Call 585-374-1115 if you need immediate assistance from Ski Patrol.
In the event of an incident on the hill or premises, a patroller is immediately dispatched to evaluate the situation. The patroller will request any additional assistance and equipment necessary to effectively manage the incident. Skiers and snowboarders can assist us greatly by reporting an accident directly to Ski Patrol by calling 585-374-1115. If you are not carrying a mobile telephone, inform the nearest Bristol Mountain employee. Take note of the trail name and location on the trail. Do not call 911 as this may result in a delayed patrol response time as well as an ambulance and emergency personnel being dispatched unnecessarily.
There are two patrol buildings at Bristol Mountain. Patrol Base, the primary first-aid building, is located at the base of the mountain north of the Rocket Lodge. The Patrol Hilltop building is located at the top of the Morning Star trail.
About Ski Patrol
The Bristol Mountain Ski Patrol (BMSP) is comprised of a group of dedicated and caring volunteers who are passionate about the sport of skiing or snowboarding. BMSP operates in accordance with the National Ski Patrol guidelines.
Patrol members are a professional and diverse group of individuals who commit to countless hours of training before and after becoming patrollers. Several training sessions are held before the start of each winter operating season. These summer/fall refreshers include extensive medical training, Outdoor Emergency Care (OEC), CPR, AED handling, staged on-hill patient care scenarios, power failure evacuation procedures, and other mountain emergency situations. Outdoor Emergency Care (OEC) training continues through the winter along with Ski and Toboggan (S&T) handling techniques.
Every member of the BMSP is committed to safety and one of their primary roles is to monitor the mountain to endorse a safe and enjoyable environment for our guests. In addition, they strive to educate skiers and snowboarders to be safety conscious and courteous as outlined in ‘Your Responsibility Code’. They also inspect the terrain prior to the opening and following the closing of the mountain as well as throughout the day. They may install ropes/cones/signage and direct customers around closed trails during operating hours.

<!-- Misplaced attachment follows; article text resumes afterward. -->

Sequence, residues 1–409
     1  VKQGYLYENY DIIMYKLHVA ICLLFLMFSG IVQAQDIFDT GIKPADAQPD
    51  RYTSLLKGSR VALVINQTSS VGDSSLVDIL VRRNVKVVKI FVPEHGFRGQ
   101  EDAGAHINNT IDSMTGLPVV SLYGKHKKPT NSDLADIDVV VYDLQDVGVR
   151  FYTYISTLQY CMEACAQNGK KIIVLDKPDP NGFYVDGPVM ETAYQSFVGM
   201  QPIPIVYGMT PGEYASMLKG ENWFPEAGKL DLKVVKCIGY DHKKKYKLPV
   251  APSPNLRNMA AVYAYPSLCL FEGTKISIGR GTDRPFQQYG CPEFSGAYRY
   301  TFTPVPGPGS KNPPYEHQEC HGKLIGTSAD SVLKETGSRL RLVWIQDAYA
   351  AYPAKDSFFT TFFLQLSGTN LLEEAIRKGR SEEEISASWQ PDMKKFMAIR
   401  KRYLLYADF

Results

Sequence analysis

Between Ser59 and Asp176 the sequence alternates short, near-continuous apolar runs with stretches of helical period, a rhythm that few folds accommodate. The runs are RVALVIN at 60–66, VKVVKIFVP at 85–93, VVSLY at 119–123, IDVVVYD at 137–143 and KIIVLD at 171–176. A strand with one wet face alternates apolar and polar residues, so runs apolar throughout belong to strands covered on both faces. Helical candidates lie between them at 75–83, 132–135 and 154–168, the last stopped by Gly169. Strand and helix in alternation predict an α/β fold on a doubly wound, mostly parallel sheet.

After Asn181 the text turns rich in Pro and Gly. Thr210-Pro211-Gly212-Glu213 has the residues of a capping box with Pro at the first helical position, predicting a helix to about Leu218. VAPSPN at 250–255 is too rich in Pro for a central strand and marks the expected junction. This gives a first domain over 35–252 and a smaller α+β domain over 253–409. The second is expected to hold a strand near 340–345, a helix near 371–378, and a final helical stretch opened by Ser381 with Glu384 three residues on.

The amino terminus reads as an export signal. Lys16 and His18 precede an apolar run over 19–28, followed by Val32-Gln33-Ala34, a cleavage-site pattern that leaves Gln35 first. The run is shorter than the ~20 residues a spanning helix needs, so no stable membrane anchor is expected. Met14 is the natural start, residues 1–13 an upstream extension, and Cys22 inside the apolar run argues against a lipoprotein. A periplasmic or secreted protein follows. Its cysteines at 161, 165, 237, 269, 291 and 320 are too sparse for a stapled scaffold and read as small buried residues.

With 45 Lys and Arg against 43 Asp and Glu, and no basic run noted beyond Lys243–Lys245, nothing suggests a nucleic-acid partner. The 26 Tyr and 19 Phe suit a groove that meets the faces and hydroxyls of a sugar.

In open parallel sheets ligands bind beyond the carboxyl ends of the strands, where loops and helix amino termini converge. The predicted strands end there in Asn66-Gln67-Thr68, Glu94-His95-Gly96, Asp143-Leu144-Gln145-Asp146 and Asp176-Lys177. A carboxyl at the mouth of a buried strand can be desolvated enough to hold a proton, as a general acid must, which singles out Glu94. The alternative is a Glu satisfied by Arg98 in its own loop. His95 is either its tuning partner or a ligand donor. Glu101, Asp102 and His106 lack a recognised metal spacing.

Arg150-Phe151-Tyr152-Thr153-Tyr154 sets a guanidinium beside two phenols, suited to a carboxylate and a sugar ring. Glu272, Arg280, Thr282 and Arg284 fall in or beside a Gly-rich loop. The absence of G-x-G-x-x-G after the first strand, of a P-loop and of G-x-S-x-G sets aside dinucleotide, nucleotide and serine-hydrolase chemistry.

Members of Ski Patrol and Mountain Hosts pledge much of their time to enforce reduced speeds in the designated Slow Zones on the mountain. The Slow Zones are novice (green circle) trails which include high concentrations of entry-level or slow-moving skiers and snowboarders. The trail network includes Milky Way, Nova, Shooting Star, Sunbelt, Eclipse, and Infinity.
Each patroller and mountain host is assigned to a team each season. Each team is then assigned to a fixed 8 hour weekday shift or a combination of a 4 hour evening shift and rotating 8 hour weekend shift. Each patroller is required to be on duty for a minimum of 60 hours per season in addition to their annual training requirement.
To become a patroller, you must be willing to commit to many hours of training and demonstrate advanced-level skiing or snowboarding abilities. Candidate training begins in August with Outdoor Emergency Care (OEC) and first aid classes. Classes meet two to three times a week and average three hours per class. In November, the candidate must pass the written and practical exams. Training would then transition to on-mountain sessions during December and January. On-mountain training includes ongoing Outdoor Emergency Care (OEC), as well as skiing/snowboarding and Toboggan handling techniques (S&T). In February, the candidates S&T skills are evaluated with successfully passing candidates selected.
To inquire about becoming a patroller, stop in the Patrol Base located north of the Rocket Lodge during the operating season. In March, an interview session and a "ski-off" is held for persons interested in pursuing the profession of a patroller.
For more information on the Bristol Mountain Ski Patrol, visit www.bristolskipatrol.com.
For more information on National Ski Patrol, visit www.nsp.org or visit the Genesee Valley Region NSP at www.nspgvr.org.